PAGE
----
Knowledge Centre


Improving Workplace Ventilation & Air Quality


The law says employers must make sure there’s an adequate supply of fresh air in the workplace. There are two ways of maximising the level of fresh air in a workspace, either by natural and / or mechanical ventilation. Ventilation control measures play an essential role in improving air quality and staff well being. 

This guidance will apply in most workplaces – it will help you and your workers:

  • Understand what is defined as poor air quality
  • Identify poorly ventilated areas
  • decide on the steps you can take to improve ventilation

Signs of poor indoor air quality

Symptoms related to poor workplace air quality vary depending on the type of contaminant. They can easily be mistaken for symptoms of other illnesses such as allergies, stress, colds and influenza.

The usual clue is that people feel ill or find it hard to concentrate while inside the building, and the symptoms go away shortly after leaving the building, or when away from the building for a period of time 

What potential pollutants need to be monitored:

For indoor air quality checks to be comprehensive, there are a few potential elements and factors to bear in mind. Some of them are listed below:


Optimum humidity levels in an office are between 40% and 60% - but in any case, they should be kept between 30% and 70%. Humidity levels below 40% will begin to cause problems for workers with conditions such as sinusitis.


For more information on mould and its dangers please read our associated blog hereA guidance level of total viable mould would be <1000 CFU/m3


Formaldehyde is a commonly used chemical compound that exists in various forms and at room temperature, is a colourless, distinctive, strong and even pungent smelling, flammable and gaseous substance.

Formaldehyde has been used in several industries for various purposes e.g for the manufacturing of building materials. A guidance level would be <100 ug/m3

Volatile Organic Compounds (VOC’s):

VOCs are gases that are given off by many indoor sources. Concentrations of most volatile organic compounds are higher in indoor air than outdoor air. VOCs include a variety of chemicals that can cause eye, nose and throat irritation, shortness of breath, headaches, fatigue, nausea, dizziness and skin problems. A guidance level would be <500 ug/m3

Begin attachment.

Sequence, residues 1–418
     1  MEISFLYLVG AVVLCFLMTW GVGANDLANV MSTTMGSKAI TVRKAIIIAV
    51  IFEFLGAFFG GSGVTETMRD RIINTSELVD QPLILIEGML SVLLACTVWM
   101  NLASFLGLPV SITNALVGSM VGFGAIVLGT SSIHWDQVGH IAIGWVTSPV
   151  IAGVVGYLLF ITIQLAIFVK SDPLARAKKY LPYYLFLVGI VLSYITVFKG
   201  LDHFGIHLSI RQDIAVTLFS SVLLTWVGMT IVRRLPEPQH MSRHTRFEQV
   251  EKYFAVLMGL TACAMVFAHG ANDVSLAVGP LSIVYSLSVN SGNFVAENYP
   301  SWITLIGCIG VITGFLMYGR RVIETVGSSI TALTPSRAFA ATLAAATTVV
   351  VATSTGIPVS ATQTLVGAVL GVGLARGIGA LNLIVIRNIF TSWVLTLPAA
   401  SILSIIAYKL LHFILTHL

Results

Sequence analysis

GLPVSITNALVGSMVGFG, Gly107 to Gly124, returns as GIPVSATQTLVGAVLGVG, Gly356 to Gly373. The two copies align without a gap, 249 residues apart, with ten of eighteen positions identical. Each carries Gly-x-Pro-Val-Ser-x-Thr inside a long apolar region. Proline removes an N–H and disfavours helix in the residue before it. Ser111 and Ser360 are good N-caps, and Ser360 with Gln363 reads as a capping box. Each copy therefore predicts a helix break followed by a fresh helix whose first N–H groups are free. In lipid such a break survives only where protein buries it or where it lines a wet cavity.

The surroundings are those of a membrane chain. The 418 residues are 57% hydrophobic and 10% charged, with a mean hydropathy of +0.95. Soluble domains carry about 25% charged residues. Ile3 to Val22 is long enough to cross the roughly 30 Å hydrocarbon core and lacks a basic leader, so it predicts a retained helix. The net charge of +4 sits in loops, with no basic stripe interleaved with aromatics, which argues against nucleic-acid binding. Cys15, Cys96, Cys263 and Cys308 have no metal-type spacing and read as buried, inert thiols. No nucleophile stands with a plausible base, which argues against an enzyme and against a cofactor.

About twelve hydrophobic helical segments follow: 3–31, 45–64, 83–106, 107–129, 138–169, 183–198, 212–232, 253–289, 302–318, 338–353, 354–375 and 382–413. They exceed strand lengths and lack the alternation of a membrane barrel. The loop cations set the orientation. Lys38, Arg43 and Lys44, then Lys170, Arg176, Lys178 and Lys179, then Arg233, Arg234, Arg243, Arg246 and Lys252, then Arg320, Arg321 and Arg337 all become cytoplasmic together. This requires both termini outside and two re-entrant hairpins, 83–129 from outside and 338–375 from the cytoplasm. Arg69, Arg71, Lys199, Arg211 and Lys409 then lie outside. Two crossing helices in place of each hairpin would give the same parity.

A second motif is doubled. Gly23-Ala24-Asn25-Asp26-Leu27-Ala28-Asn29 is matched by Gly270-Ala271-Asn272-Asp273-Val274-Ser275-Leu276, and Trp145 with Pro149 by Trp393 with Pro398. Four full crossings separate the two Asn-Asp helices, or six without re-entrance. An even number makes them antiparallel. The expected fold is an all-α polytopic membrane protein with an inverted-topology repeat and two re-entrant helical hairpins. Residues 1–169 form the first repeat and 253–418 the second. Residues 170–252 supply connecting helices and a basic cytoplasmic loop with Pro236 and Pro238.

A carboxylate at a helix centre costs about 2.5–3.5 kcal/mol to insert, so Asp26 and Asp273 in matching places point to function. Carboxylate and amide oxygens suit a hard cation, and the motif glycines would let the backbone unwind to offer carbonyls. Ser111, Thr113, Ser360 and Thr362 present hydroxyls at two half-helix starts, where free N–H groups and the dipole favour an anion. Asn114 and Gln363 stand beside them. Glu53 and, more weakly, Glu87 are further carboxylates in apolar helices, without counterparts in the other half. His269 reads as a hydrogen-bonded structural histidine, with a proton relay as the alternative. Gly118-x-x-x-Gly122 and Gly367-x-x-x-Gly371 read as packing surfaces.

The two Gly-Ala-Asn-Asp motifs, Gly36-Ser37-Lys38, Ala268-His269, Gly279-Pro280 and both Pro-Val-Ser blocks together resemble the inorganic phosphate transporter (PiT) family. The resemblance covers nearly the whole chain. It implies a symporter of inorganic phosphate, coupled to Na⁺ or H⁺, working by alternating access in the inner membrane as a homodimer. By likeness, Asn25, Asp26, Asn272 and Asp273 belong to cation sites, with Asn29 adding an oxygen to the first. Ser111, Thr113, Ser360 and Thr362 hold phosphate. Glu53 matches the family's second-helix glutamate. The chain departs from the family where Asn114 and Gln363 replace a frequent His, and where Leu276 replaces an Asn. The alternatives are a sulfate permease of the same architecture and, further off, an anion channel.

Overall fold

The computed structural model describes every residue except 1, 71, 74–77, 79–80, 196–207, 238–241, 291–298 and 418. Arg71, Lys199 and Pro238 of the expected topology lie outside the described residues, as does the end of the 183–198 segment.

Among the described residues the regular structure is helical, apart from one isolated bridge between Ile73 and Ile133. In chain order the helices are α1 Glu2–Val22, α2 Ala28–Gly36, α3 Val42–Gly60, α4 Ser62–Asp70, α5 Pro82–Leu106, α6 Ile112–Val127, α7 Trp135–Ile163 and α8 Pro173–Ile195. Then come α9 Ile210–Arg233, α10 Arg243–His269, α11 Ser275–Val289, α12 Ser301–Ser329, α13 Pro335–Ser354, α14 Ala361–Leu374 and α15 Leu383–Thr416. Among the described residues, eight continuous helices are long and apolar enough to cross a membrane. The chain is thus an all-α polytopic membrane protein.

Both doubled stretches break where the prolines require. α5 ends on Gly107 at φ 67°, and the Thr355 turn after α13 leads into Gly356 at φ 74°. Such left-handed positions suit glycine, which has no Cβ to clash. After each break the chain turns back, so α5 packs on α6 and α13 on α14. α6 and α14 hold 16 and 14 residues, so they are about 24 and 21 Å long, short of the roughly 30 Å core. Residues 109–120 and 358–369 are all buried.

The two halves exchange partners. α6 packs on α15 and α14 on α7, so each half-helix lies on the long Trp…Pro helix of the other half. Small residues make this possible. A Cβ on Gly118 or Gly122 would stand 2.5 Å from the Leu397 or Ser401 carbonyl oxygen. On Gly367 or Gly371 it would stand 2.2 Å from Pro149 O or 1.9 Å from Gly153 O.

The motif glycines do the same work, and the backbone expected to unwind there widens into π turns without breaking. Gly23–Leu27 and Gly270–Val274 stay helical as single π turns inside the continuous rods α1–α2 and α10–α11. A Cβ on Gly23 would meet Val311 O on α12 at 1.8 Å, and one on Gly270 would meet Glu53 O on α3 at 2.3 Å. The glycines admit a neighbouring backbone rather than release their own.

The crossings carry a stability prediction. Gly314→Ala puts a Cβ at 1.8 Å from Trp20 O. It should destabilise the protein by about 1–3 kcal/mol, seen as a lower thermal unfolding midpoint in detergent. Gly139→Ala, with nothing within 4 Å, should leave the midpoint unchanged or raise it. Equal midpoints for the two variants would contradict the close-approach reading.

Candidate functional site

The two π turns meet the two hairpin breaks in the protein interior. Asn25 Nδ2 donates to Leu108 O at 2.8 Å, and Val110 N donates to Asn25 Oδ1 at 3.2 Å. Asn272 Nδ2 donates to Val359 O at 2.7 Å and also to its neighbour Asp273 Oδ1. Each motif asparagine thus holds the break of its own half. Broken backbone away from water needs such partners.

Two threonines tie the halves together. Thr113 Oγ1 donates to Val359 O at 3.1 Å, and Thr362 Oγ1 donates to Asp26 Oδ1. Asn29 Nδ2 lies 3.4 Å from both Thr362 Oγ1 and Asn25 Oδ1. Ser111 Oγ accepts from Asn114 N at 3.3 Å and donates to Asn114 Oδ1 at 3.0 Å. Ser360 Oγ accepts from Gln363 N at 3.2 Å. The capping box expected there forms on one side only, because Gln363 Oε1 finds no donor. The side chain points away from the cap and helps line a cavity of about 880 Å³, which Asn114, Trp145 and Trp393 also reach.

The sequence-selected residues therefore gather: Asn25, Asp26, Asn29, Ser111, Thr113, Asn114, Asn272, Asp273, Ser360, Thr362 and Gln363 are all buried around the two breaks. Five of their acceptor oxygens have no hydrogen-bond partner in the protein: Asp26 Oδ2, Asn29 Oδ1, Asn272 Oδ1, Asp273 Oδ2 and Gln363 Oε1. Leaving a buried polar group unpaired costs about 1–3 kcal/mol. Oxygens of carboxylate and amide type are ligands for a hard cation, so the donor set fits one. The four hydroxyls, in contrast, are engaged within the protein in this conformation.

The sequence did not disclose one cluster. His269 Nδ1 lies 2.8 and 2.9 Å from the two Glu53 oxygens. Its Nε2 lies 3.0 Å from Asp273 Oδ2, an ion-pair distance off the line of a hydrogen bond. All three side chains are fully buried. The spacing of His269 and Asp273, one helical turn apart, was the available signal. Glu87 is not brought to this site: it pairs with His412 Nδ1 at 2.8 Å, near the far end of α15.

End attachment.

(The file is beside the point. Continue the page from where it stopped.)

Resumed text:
Particulates (dust):

Dust within a workplace can be generated from a number of sources (outdoor pollution, manufacturing processes etc), elevated levels can lead to the development of asthma and other chronic respiratory illnesses. A well designed and maintained HVAC system should adequately control this pollutant. A guidance level would be <12 ug/m3 for PM 2.5 and <150 ug/m3 for PM 10

Significance of CO2 Levels

Carbon Dioxide levels in fresh air (atmospheric) are 400ppm (parts per million), as we breathe we generate excess carbon dioxide which increases the overall concentration of this gas in the indoor environment. A poorly ventilated workplace with very little fresh air can easily see levels in excess of 2000ppm as the working day progresses. Good indoor air quality managed with an efficient HVAC system using the correct ratio of fresh to recirculated air should be achieving carbon dioxide levels <1000 ppm.

Identifying poorly ventilated areas

You should identify areas of your workplace that are usually occupied and are poorly ventilated. There are some simple ways to identify poorly ventilated areas:

  • Look for areas where people work and there is no mechanical or natural ventilation such as open windows, doors or vents etc

  • Check that mechanical systems provide outdoor air. If a system only recirculates air and has no outdoor air supply, the area is likely to be poorly ventilated.

  • Identify areas that feel stuffy or smell bad

  • You may wish to use carbon dioxide (CO2) monitors. Checking CO2 levels will help you decide if ventilation is poor.